Sunday, April 08, 2007

Too pooped to party

Our first seder (at our local synagogue) ended at 11:30. That was just for the three and a half of us who actually stayed to sing most of the songs that come after "chasul siddur Pesach," the "official" end of the seder. I don't think the cantor had ever before heard Chad Gadya with sound effects--"woof woof" for the kalba (dog), meow for the chutra (cat), baaaa for the gadya (kid, meaning baby goat), etc.--and he certainly seemed to be getting a kick out of them. Thanks to our 2nd-seder's then-kids for teaching us that minhag/custom. It's fun to be a little silly after all that seriousness.

Speaking of the second seder and the former kids (both of whom were there), we got home from that one at about 1 AM, after lots of singing and talking, about the seder and otherwise. (The baalat habayit and I go way back--I've known her for longer than I've known my husband). We had a wonderful time.

On Friday night, we got home at about 1 AM after having a delightful Shabbat Chol HaMoed Pesach (roughly, the Sabbath that's on an Intermediate Day of Passover) dinner and yack with some friends.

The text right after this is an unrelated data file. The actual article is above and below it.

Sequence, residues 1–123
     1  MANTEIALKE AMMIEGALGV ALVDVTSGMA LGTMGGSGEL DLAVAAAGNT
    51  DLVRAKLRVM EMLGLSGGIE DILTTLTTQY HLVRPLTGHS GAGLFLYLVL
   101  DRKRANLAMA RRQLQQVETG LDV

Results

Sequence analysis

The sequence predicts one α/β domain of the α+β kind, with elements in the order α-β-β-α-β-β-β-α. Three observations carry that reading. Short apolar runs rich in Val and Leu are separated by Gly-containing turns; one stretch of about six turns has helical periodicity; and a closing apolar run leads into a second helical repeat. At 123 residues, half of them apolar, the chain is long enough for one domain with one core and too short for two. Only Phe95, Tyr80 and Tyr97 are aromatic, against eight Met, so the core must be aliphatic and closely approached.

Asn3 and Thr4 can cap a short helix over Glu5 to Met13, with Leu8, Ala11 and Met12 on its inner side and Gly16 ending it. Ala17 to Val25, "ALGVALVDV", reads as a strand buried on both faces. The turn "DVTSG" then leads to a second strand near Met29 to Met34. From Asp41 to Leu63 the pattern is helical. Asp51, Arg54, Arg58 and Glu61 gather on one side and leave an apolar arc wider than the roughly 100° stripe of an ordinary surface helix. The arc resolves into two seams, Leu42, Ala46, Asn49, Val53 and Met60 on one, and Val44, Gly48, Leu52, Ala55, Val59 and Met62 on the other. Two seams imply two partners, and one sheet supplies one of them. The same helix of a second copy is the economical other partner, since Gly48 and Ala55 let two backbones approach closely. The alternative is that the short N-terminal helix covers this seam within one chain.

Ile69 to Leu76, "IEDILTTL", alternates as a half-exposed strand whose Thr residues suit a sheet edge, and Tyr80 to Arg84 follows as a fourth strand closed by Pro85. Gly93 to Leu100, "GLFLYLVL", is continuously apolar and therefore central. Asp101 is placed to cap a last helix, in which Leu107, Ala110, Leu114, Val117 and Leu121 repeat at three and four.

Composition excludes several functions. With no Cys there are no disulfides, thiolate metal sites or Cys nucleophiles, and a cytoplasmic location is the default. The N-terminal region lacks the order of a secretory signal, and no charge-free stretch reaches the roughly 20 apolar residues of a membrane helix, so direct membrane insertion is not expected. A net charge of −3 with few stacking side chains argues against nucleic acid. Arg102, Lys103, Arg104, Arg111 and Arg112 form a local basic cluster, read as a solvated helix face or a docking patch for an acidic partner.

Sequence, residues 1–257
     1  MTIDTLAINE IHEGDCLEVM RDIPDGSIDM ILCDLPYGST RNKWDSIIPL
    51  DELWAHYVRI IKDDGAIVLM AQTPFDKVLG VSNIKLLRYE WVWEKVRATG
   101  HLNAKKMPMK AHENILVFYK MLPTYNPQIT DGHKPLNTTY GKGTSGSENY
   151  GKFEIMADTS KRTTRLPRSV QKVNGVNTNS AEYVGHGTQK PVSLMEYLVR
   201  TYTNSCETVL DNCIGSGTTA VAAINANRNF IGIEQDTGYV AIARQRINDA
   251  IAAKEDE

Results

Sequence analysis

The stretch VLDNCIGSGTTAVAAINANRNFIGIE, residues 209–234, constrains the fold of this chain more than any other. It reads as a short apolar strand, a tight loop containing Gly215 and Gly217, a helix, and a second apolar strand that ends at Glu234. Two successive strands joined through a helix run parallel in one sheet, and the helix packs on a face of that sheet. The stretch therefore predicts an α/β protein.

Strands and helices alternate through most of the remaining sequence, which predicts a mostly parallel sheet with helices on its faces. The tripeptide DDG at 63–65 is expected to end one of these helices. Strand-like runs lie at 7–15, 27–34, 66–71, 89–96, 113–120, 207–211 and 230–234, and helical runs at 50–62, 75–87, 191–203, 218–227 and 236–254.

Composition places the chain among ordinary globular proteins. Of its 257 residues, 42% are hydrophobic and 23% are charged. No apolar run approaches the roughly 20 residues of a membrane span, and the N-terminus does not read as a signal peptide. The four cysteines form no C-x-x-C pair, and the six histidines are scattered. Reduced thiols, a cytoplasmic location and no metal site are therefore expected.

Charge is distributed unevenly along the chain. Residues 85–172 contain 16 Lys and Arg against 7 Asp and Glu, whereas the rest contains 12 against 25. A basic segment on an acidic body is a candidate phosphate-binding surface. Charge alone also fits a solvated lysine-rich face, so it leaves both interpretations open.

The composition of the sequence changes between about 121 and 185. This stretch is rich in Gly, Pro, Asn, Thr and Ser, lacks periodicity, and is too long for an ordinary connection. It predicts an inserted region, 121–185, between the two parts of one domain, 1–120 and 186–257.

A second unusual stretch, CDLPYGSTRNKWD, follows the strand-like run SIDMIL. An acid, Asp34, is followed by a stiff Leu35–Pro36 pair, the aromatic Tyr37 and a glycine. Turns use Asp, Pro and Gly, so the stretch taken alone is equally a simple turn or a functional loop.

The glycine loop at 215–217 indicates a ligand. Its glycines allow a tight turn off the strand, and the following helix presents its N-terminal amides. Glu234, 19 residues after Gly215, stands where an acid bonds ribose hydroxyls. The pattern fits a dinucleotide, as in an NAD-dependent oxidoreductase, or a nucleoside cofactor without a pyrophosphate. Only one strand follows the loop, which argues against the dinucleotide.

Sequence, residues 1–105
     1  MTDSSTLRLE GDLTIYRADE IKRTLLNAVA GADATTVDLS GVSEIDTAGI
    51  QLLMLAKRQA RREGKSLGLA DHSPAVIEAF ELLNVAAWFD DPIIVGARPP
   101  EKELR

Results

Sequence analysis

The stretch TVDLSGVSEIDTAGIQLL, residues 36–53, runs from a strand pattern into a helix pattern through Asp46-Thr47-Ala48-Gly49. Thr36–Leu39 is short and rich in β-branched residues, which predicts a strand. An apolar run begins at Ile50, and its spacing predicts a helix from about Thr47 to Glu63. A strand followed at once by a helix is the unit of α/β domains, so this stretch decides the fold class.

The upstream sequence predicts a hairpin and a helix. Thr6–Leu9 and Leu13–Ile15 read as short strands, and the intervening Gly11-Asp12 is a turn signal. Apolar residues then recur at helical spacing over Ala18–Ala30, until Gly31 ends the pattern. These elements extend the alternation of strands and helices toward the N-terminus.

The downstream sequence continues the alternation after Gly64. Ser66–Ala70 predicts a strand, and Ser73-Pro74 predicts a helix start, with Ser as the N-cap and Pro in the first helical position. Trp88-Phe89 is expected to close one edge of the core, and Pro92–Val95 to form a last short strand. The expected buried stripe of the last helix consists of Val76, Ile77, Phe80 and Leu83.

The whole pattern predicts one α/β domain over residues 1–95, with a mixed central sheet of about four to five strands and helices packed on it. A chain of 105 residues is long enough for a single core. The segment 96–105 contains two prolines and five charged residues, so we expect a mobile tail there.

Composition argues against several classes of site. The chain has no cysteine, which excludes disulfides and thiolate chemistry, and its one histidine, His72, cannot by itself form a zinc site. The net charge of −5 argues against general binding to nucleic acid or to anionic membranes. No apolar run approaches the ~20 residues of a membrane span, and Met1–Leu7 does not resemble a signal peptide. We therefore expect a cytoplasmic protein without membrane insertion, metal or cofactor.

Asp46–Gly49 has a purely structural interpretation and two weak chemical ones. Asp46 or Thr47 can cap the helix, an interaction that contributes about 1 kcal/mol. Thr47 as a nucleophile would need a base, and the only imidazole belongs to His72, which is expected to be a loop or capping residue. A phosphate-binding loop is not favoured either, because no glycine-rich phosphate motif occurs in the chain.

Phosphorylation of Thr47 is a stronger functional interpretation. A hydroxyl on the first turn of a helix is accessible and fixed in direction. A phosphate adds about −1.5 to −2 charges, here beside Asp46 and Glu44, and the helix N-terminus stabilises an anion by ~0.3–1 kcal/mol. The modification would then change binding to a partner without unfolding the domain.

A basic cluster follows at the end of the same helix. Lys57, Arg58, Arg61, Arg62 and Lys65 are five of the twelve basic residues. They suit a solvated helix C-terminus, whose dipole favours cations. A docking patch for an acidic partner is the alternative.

Yesterday, I went to a "Shir HaShirim Songfest" at which we sang just about every song we could think of--folk, Israeli-folkdance, choral, whatever, in Hebrew, English, and even one in Latin--from the Song of Songs, which was read in synagogue yesterday, Shabbat Chol HaMoed Pesach, at Shacharit (Morning Service), in accordance with tradition. Since the chap running the show was very happy to say that he usually learned a new song at every Shir HaShirim "marathon," I contributed a solo (a cappela, of course) of Chaim Dovid's "Brach Dodi," from MOChassid's "U'Shmuel B'korei Sh'mo" CD. The host said it was a beautiful setting, with which I heartily agree.

I left while they were still singing, and still got home too late for Mincha (Afternoon Service). (From now one, I'll have to remember that, if I hang around after kiddush long enough to get to someone's house in mid-afternoon, I should do Mincha before I leave the shul.) But by the time I was finished Maariv (the Evening Service) and havdalah (the prayer to end the Sabbath formally), I felt like a limp, not to mention limping (see next post) dish-rag. So, instead of going to the Klezmatics concert, I hit the sack (with a resounding thud) at 10. I must be gettin' old, or somethin'. Oh, well.


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